Fitting ImmersionRC EzOSD to the ZMR250

For some time now I have been thinking about the potential to add an on-screen display (OSD) device to my ZMR250 mini quad. I happened to have a spare ImmersionRC EzOSD unit available so got the ZMR250 on the workbench to see if I could shoe-horn the unit in. As I suspected it was not particularly successful, as it didn’t fit very well, but I’ve documented how I installed the EzOSD on the quadcopter in this blog post, as it might be useful to other 250-sized quadcopter owners.

I’ve been flying this carbon fibre ZMR250 mini-quad for over a year now having bought the frame kit from China via eBay. It flies very well, but I’ve always missed not having any kind of OSD unit on the FPV system. A multirotor like this generally doesn’t fly very far away, so the GPS features are not very valuable to have - but the current monitoring and battery voltage information is really useful. In the first photo below you can see the quadcopter before I started to add the ImmersionRC EzOSD unit. The specifications of this ZMR250 are as follows:

  • ZMR250 Mini Quad Carbon Fibre Frame (via eBay)
  • Airbot Micro Titan 2204 2300kv Motors (via Airbot Co., Ltd.)
  • Gemfan 5030 Propellers (via eBay)
  • Turnigy Nano-Tech 3S 45C-90C 1300mAh Batteries (via HobbyKing)
  • FunFly Flight Controller “Naze 32” Acro R5 (via HobbyKing)
  • F-12A Fire Red Series SimonK RapidESC Speed Controllers (via Ready To Fly Quads)
  • Mobius ActionCam (via HobbyKing)
  • Fatshark DominatorV2 FPV Goggles with Fatshark ‘RaceBand’ Receiver Module (via FirstPersonView)
  • Fatshark 700TVL High Resolution FPV Tuned CCD Camera (PAL) (via HobbyKing)
  • ImmersionRC 5.8GHz Video Transmitter
  • ImmersionRC SpiroNet V2 Antennas (via HobbyKing)
  • Hitec Minima 6T Radio Control Receiver (via local dealer)
    The following sequence of photos show how I installed the EzOSD unit on to the ZMR250 quadcopter.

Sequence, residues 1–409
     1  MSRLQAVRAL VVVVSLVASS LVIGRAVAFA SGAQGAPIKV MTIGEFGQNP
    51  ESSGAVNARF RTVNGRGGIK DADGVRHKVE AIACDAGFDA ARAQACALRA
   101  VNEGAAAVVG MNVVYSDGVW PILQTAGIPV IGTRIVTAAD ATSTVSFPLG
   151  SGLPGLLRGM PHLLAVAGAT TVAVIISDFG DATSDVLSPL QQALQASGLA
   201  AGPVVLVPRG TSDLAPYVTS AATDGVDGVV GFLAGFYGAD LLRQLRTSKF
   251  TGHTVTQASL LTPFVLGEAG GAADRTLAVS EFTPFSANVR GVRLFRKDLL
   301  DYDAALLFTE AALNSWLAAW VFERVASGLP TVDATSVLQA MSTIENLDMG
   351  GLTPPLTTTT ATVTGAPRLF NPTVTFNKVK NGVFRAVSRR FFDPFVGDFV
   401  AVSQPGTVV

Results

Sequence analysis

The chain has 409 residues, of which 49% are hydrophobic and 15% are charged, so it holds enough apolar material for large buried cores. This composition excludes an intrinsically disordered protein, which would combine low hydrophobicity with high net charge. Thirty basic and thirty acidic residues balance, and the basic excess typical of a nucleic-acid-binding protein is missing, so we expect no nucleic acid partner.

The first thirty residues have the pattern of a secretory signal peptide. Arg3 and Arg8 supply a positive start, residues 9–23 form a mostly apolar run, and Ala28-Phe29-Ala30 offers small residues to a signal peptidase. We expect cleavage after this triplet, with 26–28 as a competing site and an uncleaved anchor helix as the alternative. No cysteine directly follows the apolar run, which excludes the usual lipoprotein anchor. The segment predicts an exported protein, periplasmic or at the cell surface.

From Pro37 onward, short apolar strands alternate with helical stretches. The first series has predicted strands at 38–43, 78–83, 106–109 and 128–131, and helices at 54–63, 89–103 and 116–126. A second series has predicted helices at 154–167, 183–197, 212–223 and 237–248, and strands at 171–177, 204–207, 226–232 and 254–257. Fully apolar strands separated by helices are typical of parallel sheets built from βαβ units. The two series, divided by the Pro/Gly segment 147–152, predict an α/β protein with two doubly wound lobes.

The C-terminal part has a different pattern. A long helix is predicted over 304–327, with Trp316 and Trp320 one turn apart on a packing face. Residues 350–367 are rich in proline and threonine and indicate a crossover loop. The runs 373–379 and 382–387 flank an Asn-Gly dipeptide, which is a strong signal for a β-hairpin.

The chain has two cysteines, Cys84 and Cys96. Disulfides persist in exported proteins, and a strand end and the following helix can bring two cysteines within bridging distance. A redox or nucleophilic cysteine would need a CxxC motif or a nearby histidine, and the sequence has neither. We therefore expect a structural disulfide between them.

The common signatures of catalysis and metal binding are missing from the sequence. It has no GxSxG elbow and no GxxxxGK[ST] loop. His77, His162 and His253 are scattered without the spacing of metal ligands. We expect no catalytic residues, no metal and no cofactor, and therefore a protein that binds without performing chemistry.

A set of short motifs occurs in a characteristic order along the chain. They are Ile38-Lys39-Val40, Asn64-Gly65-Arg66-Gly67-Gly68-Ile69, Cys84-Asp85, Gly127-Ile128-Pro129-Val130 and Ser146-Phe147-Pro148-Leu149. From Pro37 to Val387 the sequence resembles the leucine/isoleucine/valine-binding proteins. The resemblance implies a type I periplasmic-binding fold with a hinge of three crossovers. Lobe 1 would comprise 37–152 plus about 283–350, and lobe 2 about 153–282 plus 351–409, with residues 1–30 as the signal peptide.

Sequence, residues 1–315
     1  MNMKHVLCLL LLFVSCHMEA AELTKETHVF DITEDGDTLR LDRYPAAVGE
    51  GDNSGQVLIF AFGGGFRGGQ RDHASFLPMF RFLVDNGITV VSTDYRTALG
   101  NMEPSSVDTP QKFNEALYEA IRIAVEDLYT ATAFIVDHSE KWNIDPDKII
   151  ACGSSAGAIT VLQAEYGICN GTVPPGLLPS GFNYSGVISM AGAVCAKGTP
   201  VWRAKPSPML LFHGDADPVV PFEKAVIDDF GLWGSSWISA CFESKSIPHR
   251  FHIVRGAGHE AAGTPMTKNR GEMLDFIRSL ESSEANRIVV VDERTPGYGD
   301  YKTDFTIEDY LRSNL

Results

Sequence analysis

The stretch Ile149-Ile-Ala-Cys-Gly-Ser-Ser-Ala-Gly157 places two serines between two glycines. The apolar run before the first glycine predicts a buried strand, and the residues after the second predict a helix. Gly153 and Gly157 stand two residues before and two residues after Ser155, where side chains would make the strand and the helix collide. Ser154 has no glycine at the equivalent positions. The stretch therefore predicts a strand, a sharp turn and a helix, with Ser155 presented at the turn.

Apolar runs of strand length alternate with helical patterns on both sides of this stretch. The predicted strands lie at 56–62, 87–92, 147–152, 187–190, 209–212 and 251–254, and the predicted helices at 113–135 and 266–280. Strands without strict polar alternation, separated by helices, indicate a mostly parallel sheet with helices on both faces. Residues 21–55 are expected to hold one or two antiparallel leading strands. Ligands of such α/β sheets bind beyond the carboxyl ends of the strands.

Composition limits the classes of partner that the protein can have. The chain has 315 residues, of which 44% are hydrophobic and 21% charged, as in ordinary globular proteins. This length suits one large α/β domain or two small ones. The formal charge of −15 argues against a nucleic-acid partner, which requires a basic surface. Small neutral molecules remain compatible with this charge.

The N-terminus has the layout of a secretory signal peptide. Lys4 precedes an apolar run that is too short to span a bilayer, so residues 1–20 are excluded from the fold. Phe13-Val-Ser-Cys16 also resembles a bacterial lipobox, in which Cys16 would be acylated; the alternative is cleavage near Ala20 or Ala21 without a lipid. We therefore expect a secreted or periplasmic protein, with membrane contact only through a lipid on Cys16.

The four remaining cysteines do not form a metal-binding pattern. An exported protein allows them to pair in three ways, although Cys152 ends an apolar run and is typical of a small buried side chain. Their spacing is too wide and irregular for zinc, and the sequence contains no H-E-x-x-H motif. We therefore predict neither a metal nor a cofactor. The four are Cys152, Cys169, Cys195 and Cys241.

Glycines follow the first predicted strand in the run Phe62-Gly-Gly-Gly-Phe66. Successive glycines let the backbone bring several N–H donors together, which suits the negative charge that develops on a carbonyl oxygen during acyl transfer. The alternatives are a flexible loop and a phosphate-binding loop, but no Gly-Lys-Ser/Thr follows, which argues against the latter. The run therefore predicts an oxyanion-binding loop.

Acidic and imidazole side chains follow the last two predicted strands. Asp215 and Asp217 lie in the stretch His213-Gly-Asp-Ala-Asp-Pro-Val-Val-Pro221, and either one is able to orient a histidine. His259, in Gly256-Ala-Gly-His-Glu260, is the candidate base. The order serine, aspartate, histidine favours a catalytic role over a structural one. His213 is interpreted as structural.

ZMR250 miniquad all up weight.

The all up weight (AUW) of my ZMR250 before adding the EzOSD was 611 grams.

EzOSD weight.

The EzOSD unit comes in two parts - the main unit houses the GPS receiver and connects to the video transmitter and camera, while a second unit sits between the battery and the power distribution to monitor the multirotor’s electrical system. The two circuit boards and required wiring harnesses weigh 63 grams, which will add just over 10% weight to the aircraft. While this doesn’t sound like a massive amount, it is significant for such a small quadcopter that is designed for speed and agility.

EzOSD width.

My plan was to fit the EzOSD power sensor board vertically adjacent to the video transmitter inside the frame. Whilst the board is short enough to fit, the XT60 power connectors are too big so will protrude out of the frame.

Fitting EzOSD on to the ZMR250.

I connected the camera and video transmitter wiring in to the EzOSD circuit boards and packed the excess cabling inside the ZMR250 frame.

Fitting EzOSD on to the ZMR250 (continued).

The main EzOSD board was secured to the top of the ZMR250 using both Velcro underneath and zip-ties around the board and the quadcopter frame. The way the zip-tie sat over the GPS module was not ideal as it could damage the circuit board if fastened too tightly, but it was left with some slack to act as a failsafe should the Velcro come apart. The size of the GPS board meant that using slightly larger 1500mAh batteries is no longer possible due to space constraints.

Fitting the EzOSD current sensor to the ZMR250.

The EzOSD power sensor board was fixed to one of the frame legs using more zip-ties.

Securing the EzOSD.

It was a very tight squeeze with the video transmitter also mounted with zip-ties vertically next to the EzOSD power sensor.

EzOSD installed in the ZMR250.

The 5.8 GHz video antenna had to be bent to one side to allow the battery cable to be connected easily.

EzOSD GPS on the ZMR250.

There was quite a lot of additional wiring added to the inside of the ZMR250 frame as can be seen above. This made accessing the connectors on the Naze32 flight control board rather difficult.

Testing the EzOSD signal.

Once the EzOSD unit had been wired in to the quadcopter I powered the aircraft on and was greeted with the familiar ImmersionRC EzOSD video overlay, confirming that the installation had been successful.

The EzOSD stayed on my ZMR250 for a couple of weeks but I then removed it as the additional weight made the quadcopter less stable in flight. Also, the large amount of extra wiring made working on the ZMR250 awkward. My conclusion from this little experiment is that the size and weight of the OSD system is really important for a small multirotor, and having a frame with integrated wiring to save on excess cabling is a major advantage. Next time I plan to fit an OSD to a small multirotor I will be looking at the Minim OSD which is much smaller than the EzOSD.

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